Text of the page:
I hate all things medical, so I opted to pass it naturally at home. She gave me some medicine I could take for cramps if I needed it, and we went home. This was on a Tuesday. Tyler took the rest of the week off so I wouldn’t be alone (so glad he did), and then the weekend came. On Friday, I had a bridal session, and on the way home, I started having bad cramps. Tyler had me laughing in the car the whole time, and we were dancing and singing to our favorite songs to pass the time. We got home, went to bed, and then I woke up at 4:30 the next morning with terrible cramps and bleeding. I’ll keep the details of what happened to a minimum, but my body did try to pass the baby naturally. I spent an entire 12 hours the next day cramping and bleeding like crazy. It was basically like being in labor (so I’ve heard, but obviously less painful than actually giving birth), and it was rough. We were at home, and we were scared. We didn’t know what was normal outside of what other people had told us, but even still—everyone is so different, so going through everything was scary.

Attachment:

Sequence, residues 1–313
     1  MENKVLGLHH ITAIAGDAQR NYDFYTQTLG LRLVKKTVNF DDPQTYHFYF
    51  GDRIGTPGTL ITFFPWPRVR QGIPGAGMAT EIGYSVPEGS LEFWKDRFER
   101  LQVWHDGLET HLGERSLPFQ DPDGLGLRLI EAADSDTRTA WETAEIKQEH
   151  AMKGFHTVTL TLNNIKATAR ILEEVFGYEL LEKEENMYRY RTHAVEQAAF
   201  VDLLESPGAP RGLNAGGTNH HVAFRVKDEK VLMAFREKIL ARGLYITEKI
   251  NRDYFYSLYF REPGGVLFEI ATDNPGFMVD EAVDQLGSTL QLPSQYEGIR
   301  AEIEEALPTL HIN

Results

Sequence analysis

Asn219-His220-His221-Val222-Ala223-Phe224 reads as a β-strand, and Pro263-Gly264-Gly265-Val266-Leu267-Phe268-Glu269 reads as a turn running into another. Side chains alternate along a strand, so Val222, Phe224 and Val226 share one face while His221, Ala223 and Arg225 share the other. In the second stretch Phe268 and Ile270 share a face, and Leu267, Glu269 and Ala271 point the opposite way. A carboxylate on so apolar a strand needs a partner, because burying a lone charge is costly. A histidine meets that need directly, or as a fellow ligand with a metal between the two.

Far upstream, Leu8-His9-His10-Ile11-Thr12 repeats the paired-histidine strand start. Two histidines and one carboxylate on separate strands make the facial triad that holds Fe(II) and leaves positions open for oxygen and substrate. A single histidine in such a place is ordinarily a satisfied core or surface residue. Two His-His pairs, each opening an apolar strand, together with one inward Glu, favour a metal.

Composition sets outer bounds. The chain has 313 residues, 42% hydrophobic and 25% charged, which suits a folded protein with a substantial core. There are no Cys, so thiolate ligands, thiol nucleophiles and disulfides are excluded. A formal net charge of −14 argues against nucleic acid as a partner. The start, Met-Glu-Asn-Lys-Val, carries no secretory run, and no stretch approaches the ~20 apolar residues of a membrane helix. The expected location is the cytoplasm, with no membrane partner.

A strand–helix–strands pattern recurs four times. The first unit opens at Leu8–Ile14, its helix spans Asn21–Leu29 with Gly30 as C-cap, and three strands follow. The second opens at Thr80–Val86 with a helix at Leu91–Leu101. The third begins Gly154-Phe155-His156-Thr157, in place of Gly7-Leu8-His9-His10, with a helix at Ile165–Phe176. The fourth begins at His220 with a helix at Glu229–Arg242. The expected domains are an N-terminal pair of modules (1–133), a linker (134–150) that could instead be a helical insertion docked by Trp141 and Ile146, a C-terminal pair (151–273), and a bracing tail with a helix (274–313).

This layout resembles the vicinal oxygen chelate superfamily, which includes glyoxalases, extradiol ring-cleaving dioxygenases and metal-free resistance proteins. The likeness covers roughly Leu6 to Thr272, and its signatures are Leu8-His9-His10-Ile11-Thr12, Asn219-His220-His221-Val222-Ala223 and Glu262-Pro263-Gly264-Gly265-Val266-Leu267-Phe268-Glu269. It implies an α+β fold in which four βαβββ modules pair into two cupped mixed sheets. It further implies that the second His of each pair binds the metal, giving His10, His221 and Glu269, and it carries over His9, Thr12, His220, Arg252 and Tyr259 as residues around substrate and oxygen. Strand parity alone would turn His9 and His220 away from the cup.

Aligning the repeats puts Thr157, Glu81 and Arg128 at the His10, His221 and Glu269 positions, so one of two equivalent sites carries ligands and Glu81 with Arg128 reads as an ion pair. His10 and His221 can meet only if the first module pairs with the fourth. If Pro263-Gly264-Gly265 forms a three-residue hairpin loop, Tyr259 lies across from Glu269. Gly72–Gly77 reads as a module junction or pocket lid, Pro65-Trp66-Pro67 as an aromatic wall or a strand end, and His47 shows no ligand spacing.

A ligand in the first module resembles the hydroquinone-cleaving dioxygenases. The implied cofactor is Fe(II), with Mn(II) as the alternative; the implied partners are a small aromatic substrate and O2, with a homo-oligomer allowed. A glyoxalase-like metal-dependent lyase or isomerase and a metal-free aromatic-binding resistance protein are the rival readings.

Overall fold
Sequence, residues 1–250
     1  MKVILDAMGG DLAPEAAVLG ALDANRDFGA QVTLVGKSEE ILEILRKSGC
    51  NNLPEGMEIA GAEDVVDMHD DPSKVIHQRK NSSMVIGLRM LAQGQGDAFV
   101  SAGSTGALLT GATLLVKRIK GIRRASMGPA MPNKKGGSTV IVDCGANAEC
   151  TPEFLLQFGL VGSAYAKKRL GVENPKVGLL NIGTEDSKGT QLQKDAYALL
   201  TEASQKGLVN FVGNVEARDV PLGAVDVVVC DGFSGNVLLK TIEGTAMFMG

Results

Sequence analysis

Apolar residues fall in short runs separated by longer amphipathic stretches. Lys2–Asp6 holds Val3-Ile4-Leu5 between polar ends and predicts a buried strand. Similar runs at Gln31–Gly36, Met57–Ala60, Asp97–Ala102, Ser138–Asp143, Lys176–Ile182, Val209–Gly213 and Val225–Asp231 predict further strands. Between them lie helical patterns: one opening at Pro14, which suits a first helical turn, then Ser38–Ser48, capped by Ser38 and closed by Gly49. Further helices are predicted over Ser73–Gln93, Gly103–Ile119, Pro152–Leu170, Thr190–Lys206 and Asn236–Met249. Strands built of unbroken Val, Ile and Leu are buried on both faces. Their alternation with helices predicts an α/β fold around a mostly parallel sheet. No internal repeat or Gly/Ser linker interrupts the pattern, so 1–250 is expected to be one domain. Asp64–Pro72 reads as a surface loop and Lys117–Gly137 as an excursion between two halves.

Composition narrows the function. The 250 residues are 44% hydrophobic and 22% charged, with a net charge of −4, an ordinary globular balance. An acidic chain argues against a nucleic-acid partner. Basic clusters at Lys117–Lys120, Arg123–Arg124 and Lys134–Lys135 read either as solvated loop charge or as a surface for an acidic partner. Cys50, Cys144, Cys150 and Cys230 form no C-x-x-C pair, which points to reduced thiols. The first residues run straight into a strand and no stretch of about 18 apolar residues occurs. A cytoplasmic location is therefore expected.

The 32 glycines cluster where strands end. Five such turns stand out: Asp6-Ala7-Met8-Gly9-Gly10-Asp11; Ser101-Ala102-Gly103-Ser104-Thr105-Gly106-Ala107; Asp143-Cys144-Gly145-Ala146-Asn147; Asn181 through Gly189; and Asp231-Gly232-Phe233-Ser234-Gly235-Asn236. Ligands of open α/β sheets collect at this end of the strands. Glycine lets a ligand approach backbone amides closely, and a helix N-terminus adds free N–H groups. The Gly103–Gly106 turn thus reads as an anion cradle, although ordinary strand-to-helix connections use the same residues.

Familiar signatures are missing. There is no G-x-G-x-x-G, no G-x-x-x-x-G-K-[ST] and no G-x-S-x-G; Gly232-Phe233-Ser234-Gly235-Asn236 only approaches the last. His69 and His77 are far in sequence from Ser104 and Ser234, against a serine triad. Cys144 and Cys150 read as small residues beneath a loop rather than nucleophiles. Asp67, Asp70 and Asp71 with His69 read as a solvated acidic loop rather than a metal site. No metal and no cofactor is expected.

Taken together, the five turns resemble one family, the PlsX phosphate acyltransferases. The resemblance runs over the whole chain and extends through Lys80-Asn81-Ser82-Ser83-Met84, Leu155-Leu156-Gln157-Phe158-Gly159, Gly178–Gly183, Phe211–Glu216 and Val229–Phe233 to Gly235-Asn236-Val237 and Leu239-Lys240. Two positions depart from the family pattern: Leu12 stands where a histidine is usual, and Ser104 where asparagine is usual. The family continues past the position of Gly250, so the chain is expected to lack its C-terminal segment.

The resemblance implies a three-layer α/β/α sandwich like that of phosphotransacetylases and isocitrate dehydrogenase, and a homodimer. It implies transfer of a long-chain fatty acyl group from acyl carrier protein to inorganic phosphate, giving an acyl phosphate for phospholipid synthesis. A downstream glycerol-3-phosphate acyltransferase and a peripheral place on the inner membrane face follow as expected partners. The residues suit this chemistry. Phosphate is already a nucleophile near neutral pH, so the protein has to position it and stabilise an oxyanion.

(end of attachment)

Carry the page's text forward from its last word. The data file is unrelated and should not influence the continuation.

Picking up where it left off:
I have to pause right here and say that there is no way I could have gotten through it without Tyler. He was so empathetic to what I was going through, and was right beside me through it all. Whatever I needed, he was right there, holding my hand, rubbing my back, getting things for me, and so many other things I’ll spare you. I just can’t imagine having to go through it without him. (If you’re reading this and you aren’t married yet, a piece of advice—choose your husband wisely. There is NOTHING in this world better than a wonderful husband.)